I'm not sure there is enough worksurface around the hob, with the oven on one side and the sink effectively on the other. What is going to the right of the island? And what's happening the other side of the island - I assume it's open to another room? Is it possible to see a full downstairs floor plan?

cloudtree Tue 23-Nov-21 14:39:22

You won't get a couple of clothes horses in that utility. Its small. You have a door width and then half a door width and then your sink. You should lose the corridor between the utility and the cloakroom.

cloudtree Tue 23-Nov-21 14:42:09

Neither are you going to fit coats in that cloakroom very well. It looks too narrow to have anything but hooks on the wall.

iwantabreakfastpantry Tue 23-Nov-21 14:50:40

tentative3

I'm not sure there is enough worksurface around the hob, with the oven on one side and the sink effectively on the other. What is going to the right of the island? And what's happening the other side of the island - I assume it's open to another room? Is it possible to see a full downstairs floor plan?

Other side of the island is a dining room and family living room, which together span the length of the kitchen.
Will have a think about posting the full plan, not sure if it will be too obvious to those that know me.

Right of the island is a “circulating area” (architect speak)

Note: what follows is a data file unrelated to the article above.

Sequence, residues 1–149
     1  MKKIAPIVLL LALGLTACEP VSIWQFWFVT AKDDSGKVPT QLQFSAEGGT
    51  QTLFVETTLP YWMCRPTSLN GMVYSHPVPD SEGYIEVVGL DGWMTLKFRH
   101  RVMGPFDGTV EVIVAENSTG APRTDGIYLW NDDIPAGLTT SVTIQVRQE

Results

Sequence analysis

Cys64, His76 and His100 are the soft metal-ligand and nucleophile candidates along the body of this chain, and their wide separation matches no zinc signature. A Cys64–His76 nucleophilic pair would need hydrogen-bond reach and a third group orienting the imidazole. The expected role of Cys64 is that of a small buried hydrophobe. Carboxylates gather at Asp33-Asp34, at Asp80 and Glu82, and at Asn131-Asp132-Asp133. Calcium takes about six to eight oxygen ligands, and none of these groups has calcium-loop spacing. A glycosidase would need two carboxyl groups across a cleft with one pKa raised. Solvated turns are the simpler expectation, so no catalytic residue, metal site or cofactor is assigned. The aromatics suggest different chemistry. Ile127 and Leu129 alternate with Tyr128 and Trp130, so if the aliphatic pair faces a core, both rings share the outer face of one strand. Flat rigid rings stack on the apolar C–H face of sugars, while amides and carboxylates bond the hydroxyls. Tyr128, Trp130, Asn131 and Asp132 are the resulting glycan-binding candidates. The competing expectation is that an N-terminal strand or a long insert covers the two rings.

OP’s posts: |

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Flitter123 Tue 23-Nov-21 14:51:03

I have a very similar size and shape utility to you and honestly it’s fine. It’s helps to have either fold down from the wall clothes horse, or one that can fold down to get smaller ( especially if it has wheels to move it out when need be)

coatofmanycolors Tue 23-Nov-21 14:51:38

I would forego the pantry and incorporate that space into your utility room. You could hand a pulley in there so only need space for one airer?

I would also rotate your island 90deg to make a peninsula rather with a dropped seating area nearer the living space then you can create a bank of floor to ceiling cupboards down that back wall. You don't have enough storage in your kitchen and the separate pantry would be a pain going back and forth which is why I would do away with it.

Alternatively you could create your pantry space in your cellar if you really wanted?

Make sure your boot room is deep enough when you consider how much volume jackets take up when hung up on top of each other.

What type of house are you extending?

iwantabreakfastpantry Tue 23-Nov-21 14:51:55

Was thinking about maybe a sliding door? Good thought re: losing the corridor but would it be too noisy with the washing machine?

OP’s posts: |
Flitter123 Tue 23-Nov-21 14:52:03

My door opens outwards tho!